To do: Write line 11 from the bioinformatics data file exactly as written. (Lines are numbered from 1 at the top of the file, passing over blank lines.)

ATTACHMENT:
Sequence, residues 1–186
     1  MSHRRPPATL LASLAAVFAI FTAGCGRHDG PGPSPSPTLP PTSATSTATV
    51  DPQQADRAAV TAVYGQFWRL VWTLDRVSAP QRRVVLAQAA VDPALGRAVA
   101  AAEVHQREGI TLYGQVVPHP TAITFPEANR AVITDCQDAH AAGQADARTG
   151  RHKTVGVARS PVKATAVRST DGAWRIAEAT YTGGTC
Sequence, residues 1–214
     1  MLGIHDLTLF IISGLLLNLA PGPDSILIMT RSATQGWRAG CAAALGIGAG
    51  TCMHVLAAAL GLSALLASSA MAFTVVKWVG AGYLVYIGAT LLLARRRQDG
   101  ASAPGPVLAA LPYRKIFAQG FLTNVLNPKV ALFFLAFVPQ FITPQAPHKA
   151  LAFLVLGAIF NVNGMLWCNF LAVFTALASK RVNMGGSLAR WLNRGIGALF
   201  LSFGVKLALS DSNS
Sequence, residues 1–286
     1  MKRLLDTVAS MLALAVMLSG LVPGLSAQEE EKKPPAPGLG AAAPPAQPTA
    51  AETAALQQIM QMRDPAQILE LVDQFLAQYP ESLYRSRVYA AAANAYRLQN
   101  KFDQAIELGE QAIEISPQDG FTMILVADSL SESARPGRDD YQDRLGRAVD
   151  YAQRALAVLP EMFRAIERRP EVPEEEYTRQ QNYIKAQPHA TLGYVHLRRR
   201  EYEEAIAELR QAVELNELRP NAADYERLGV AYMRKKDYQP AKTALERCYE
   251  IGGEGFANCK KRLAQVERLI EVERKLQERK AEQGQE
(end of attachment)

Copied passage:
   201  LSFGVKLALS DSNS